Perfectionist [CP+] Targeted Deep Wrinkle Filler is said to be a "powerful daily treatment for your deepest wrinkles." It's designed to be used on lines around the eye, creases in the forehead, furrows between the brow—anywhere you have lines that don't go away when your face is expressionless. This type of product isn't anything new; for example, Lauder-owned Good Skin (sold at Kohl's department stores) sells TriAktiline Instant Deep Wrinkle Filler. All of these are silicone-based serum-like products that serve as a soft spackle for wrinkles and large pores. You pat the product into and over creases, and it provides a superficial, temporary filling effect. How long results last depends on the formula and, more critically, on how expressive you are. And, of course, none of these products have even a fractional ability to work like Botox or dermal fillers, but that's another story. This "filler"-type serum has a silky, thick texture that dispenses from a pointed rubber-tipped applicator. We suppose that's for precise application into lines, but you still need to pat and smooth it over your skin. It sets quickly to a soft, powder-like matte finish laced with subtle sparkles, which some may not appreciate. Despite the shine, the filling effect is impressive. It really did a good job of smoothing superficial lines, including those around the eyes and mouth.
There's a significant caveat to this product, however: It doesn't work well when used with a liquid foundation that contains silicones (which is roughly 85% of liquid foundations sold today). Applying a silicone-enhanced foundation over Perfectionist looks terrible. It makes foundation look patchy and, over the course of several hours, looks progressively worse. With this pairing, skin actually looks older! What to do? Well, you can experiment with other filler-type products or be sure to pair Perfectionist with a silicone-free foundation. Still, you shouldn't have to give up your favorite foundation (or concealer) to experience the benefits (however temporary) Perfectionist offers. The overall formula contains several outstanding ingredients for all skin types, including copious amounts of antioxidants and lesser amounts of skin-identical and cell-communicating ingredients. This would be rated a Best Product if the fragrance wasn't so potent. We suspect many will have trouble using this product around the eyes (which is where most will apply it) because the fragrance can be sensitizing.
This concentrated treatment gives you the power to fill, smooth and help reduce the look of even your deepest wrinkles on contact. Fills, smoothes and helps reduce the look of laugh lines, frown lines, crow's feet and lip lines on contact. In fact, 100% of women tested showed an instant reduction in moderate to deep crow's feet, lip lines and frown lines. Dramatically blurs the appearance of lip lines and creates an invisible boundary to help keep lipstick in place. A clinical test showed a significant reduction in lipstick feathering for up to 8 hours. Helps skin amplify its natural production of redensifying collagen with concentrated levels of our exclusive Wrinkle Lift Restructuring Peptides. Deep wrinkles appear pushed up from within for a younger, smoother, more lineless look.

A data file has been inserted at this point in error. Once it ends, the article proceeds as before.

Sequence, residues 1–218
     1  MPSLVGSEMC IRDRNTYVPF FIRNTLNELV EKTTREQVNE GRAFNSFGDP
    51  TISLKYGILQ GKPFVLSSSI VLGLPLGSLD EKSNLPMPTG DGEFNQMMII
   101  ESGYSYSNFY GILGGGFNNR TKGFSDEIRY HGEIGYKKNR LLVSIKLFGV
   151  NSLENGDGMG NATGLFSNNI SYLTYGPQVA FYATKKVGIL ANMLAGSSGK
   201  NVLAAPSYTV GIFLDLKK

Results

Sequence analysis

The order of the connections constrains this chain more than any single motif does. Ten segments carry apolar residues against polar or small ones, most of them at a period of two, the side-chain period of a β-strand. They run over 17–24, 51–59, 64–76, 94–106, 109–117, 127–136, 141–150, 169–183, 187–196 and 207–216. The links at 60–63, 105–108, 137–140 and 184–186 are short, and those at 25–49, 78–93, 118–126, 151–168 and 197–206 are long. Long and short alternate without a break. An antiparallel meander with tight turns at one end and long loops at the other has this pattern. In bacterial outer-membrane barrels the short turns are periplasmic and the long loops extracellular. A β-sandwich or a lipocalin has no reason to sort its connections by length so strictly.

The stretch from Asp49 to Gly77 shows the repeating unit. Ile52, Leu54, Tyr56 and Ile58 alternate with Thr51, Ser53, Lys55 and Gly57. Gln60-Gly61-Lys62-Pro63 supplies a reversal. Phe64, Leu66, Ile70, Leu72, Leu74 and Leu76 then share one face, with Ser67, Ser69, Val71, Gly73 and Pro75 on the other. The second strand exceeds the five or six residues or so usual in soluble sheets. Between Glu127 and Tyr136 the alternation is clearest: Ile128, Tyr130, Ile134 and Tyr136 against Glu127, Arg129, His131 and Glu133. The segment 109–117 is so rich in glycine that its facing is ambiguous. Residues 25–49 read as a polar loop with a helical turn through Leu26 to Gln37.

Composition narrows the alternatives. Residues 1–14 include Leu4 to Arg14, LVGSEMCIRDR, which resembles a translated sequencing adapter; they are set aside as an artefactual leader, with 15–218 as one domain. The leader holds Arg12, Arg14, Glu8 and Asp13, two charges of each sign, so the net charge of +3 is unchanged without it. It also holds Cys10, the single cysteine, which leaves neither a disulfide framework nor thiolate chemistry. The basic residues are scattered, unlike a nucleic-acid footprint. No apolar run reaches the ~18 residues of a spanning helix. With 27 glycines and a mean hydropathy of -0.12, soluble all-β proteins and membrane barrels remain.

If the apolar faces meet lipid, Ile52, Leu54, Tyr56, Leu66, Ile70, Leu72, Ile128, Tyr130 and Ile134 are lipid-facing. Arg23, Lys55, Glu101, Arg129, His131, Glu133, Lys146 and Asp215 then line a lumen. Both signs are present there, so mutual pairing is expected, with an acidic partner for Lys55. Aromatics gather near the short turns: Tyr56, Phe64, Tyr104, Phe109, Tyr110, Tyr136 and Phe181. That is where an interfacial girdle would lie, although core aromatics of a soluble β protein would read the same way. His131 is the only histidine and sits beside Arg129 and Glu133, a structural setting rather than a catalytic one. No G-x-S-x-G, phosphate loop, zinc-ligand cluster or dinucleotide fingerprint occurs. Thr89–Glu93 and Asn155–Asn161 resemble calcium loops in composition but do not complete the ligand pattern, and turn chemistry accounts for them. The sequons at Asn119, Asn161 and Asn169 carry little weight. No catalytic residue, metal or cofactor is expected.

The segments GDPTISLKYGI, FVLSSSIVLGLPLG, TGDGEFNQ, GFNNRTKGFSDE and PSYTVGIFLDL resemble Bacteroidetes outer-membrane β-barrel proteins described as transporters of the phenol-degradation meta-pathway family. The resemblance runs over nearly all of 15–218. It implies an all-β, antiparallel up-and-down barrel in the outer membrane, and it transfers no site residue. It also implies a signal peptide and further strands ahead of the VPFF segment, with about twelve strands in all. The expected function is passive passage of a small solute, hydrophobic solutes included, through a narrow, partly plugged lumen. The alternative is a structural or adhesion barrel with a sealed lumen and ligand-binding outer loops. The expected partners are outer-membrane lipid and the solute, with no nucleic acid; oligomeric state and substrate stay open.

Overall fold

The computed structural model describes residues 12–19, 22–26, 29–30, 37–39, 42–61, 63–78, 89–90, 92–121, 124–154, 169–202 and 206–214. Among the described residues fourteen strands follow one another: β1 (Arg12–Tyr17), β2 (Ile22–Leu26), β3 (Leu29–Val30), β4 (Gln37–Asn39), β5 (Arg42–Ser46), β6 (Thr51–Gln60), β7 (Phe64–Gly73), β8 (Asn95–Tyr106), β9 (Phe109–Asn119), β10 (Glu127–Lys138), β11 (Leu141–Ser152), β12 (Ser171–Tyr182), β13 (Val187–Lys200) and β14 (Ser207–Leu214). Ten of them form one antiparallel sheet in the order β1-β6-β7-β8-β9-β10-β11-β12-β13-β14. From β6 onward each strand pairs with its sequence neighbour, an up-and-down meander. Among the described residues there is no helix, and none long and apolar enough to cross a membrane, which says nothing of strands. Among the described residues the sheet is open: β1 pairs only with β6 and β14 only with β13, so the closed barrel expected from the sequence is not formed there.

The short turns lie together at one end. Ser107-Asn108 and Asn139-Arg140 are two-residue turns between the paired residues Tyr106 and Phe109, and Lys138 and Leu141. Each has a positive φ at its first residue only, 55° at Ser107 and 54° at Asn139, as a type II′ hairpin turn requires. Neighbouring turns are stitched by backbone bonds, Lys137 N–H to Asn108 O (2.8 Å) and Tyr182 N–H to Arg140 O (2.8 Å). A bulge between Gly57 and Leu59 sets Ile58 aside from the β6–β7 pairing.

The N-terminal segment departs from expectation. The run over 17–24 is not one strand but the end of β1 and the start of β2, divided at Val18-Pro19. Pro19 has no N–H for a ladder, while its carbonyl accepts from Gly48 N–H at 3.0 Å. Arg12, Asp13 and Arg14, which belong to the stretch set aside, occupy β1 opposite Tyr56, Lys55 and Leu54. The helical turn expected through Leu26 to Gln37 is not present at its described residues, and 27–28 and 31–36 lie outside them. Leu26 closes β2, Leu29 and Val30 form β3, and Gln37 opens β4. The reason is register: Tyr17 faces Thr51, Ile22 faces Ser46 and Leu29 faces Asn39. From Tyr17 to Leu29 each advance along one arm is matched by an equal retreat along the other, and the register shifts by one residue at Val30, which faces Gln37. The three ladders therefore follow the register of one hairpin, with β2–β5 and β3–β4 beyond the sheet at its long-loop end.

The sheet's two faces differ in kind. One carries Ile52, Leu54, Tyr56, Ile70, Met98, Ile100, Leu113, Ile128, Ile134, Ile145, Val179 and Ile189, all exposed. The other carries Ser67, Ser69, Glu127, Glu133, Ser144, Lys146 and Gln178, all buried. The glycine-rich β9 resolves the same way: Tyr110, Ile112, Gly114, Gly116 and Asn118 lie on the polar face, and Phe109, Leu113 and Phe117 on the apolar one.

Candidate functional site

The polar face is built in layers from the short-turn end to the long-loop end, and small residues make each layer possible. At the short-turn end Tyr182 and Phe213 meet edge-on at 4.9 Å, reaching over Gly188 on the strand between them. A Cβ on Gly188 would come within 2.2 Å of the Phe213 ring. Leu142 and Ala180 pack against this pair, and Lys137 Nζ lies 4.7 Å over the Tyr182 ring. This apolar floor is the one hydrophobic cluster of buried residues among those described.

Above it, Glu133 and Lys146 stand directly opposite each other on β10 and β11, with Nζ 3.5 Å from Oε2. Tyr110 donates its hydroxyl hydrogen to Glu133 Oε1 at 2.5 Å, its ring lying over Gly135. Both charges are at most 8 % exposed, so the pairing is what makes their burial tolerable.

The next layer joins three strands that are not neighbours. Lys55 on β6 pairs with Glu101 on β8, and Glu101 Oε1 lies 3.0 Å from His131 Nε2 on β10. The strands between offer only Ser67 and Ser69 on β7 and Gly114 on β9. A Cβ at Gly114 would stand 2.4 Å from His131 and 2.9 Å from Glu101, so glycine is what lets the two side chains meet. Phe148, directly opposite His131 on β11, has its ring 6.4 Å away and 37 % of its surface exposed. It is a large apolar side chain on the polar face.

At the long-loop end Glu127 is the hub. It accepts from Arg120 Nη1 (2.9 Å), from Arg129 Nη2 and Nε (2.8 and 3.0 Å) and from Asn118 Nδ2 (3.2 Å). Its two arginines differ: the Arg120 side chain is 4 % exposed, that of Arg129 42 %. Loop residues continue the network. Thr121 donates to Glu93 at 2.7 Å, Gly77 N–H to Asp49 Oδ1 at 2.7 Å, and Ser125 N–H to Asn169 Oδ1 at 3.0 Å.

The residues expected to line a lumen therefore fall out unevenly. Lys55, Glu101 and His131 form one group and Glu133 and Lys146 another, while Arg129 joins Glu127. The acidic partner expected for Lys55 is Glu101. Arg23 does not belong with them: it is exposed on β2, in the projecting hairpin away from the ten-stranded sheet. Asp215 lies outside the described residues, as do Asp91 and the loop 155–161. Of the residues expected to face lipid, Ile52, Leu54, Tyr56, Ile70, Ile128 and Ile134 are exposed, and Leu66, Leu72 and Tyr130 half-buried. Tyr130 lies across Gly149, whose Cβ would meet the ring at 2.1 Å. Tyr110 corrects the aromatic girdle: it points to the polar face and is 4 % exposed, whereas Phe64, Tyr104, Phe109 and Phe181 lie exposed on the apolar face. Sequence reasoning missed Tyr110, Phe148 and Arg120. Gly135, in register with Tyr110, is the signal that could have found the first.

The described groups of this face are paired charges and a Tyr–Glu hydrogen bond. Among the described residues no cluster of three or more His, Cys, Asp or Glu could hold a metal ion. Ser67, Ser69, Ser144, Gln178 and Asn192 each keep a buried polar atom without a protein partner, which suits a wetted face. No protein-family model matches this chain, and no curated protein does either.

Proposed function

Water, Dimethicone,/Vinyl Dimethicone Crosspolymer, HDI/Trimethylol Hexyllactone Crosspolymer, Shea Butter, C12-14 Pareth-12, Dimethicone, Melon Fruit Extract, Sunflower Seed Extract, Rice Bran Extract, Acmella Oleracea Exatrct, Boswellia Serrata Extract, St. Paul’s’ Wort Extract, Fish Collagen, Hydrolyzed Fish Collagen, Grapefruit Peel Extract, Soybean Protein, Corn Kernel Extract, Laurdimonium Hydroxypropyl Hydrolyzed Soy Protein, Whey Protein, Avocado Oil, Cocoa Seed Butter, Yeast Extract. Isostearyl Lactate, Creatine, Cholesterol, Adenosine Phosphate, Glycerin, Panthenol, Caffeine, Ethylhexyl Palmitate, Cetearyl Alcohol, Caprylyl Glycol, Ethylhexylglycerin, Sodium Isostearoyl Lactylate, Sodium Acrylate, Beeswax, Hydrogenated Polydecene, Sodium Beta-Sitostearyl Sulfate. Hydroxypropyl Methylcellulose, Trehalose, Propylene Glycol Dicaprylate, Glyceryl Polymethylacrylate, Sodium PCA, Cholesterol/Potassium Sulfate, Butylene Glycol, Laureth-8, Aminopropyl Ascorbyl Phosphate, Phytosphingosine, Silica Dimethyl Silyate, Decarboxy Carnosine HCL, Propylene Glycol Dicaprate, Acetyl Hexappetide-8, PEG-8, Pentaerythrityl Tetraisostearate Lecithin, Disodium Distyrylbiphenyl Disulfonate, Sodium Nadh, Silica, Fragrance, Alcohol, Xanthan Gum, Hexylene Glycol, Sodium Chloride, Benzoic Acid, Methylparaben, Chlorphenesin, Phenoxyethanol, Titanium Dioxide
From its humble but attention-getting beginning in 1946, Estee Lauder has grown to become a multibillion-dollar company whose products are sold all over the world and advertised in just about every fashion and women's lifestyle magazine you can think of. Their product assortment is mind-boggling and would be much more frustrating to wade through if their tester units weren't so well-organized and their salespeople so well-trained. (Although most of what they talk about is claim-driven and not worth paying much attention to, they do know their way around the huge assembly of products.)